Report: Cavaliers made trades without long-term commitment from LeBron James

Dan Feldman
NBC Sports

The Cavaliers have been trying to get LeBron James to commit to Cleveland long-term, Cavs owner Dan Gilbert seemingly particularly wary of going all-in this season if LeBron might leave in free agency this summer. But LeBron pledged to stay only the rest of the season, no longer.

Yesterday, the Cavaliers traded for George Hill, Rodney Hood, Larry Nance Jr. and Jordan Clarkson. In those deals, Cleveland:

  • Increased spending this season by $10,706,233 ($582,337 in prorated salary, $6,923,896 in increased luxury tax, $3,200,000 in cash sent to the Kings and Jazz) – plus the cost of additional players with two cleared roster spots, which be taxed at 425% of their salaries

  • Increased its 2018-19 payroll by $15,455,332 – not counting paying Hood in restricted free agency or the luxury tax

  • Increased its 2019-20 payroll by $6,621,967

  • Surrendered its own 2018 first-round pick, a 2020 second-rounder and swap rights on its 2024 second-rounder with Utah

That’s significant long-term cost. Did it earn the Cavaliers a pledge from LeBron?

Brian Windhorst of ESPN:

The Cavs did not get a commitment from LeBron James that he will stay past this season before executing today’s trade, sources said.

This is unsurprising. LeBron values his leverage, and he won’t relinquish it this easily. He can opt out next summer, and once again, Cleveland will be forced to please him.

Yesterday’s trades could help. They revitalize what had increasingly become a toxic environment. They make the roster better-equipped to win now. And they remind LeBron management is committed to winning.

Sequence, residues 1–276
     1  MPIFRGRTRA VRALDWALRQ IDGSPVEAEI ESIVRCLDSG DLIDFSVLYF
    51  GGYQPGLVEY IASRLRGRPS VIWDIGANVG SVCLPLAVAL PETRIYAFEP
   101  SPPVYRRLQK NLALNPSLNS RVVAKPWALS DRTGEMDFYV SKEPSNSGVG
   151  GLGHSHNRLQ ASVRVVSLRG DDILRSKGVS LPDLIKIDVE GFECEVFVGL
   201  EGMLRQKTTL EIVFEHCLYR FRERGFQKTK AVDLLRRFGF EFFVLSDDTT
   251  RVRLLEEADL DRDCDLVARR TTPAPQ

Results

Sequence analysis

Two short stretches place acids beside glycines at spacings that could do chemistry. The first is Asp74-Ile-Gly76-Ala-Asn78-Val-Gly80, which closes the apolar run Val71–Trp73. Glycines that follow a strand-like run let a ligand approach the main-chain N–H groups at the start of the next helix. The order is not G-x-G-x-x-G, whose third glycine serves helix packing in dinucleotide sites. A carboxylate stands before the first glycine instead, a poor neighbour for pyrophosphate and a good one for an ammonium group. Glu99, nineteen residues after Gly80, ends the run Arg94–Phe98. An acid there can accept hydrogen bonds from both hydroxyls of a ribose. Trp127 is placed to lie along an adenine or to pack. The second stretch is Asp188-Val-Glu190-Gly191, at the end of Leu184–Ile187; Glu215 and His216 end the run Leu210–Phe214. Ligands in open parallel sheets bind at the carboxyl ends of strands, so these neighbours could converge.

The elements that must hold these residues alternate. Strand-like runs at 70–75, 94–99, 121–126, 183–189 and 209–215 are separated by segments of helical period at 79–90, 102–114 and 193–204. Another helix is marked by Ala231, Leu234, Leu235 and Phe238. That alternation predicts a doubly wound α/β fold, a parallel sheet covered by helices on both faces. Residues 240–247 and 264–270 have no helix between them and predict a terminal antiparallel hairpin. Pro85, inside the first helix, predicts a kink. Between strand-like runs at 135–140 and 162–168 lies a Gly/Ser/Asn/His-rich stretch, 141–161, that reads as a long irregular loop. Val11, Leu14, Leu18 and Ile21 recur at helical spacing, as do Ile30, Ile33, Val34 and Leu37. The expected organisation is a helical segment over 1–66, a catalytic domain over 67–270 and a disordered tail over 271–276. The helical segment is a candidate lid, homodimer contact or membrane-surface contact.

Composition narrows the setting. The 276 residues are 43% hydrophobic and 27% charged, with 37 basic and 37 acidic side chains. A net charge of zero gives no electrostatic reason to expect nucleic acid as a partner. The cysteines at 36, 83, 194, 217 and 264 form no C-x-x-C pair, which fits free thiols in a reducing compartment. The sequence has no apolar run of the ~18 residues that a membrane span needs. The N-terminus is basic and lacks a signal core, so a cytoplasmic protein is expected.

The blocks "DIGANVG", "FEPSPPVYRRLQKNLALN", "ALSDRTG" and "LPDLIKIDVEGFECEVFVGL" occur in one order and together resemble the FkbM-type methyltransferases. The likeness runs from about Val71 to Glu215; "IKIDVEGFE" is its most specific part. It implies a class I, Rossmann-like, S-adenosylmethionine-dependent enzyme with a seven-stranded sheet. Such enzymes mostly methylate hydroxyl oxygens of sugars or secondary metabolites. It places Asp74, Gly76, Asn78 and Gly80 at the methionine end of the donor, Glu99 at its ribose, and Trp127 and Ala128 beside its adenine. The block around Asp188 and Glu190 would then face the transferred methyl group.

But LeBron also views big spending as an expectation, not a favor. He doesn’t seem inclined to give Gilbert the benefit of the doubt on anything. However LeBron feels today about the trades will dissipate, and his last game experience heading into the offseason will still likely be a playoff loss.

For four years, LeBron and Gilbert have formed a tense, prosperous partnership that has resulted in three straight trips to the NBA Finals and a championship. LeBron has delivered on the floor and drawn attention to the Cavs. Gilbert opened his checkbook in a major way, and that continued yesterday.

But thanks to his repeated short-term contracts and no-shortage of teams eager to court him, LeBron still has leverage.

The Cavaliers hold some cards, too. They didn’t trade the Nets pick, the most valuable chip in a potential post-LeBron rebuild. Or that pick could be used in a win-now trade this summer to woo LeBron.

No matter what steps were taken yesterday, the effort of convincing LeBron that Cleveland is the right place for him never ends. He has made sure of that.

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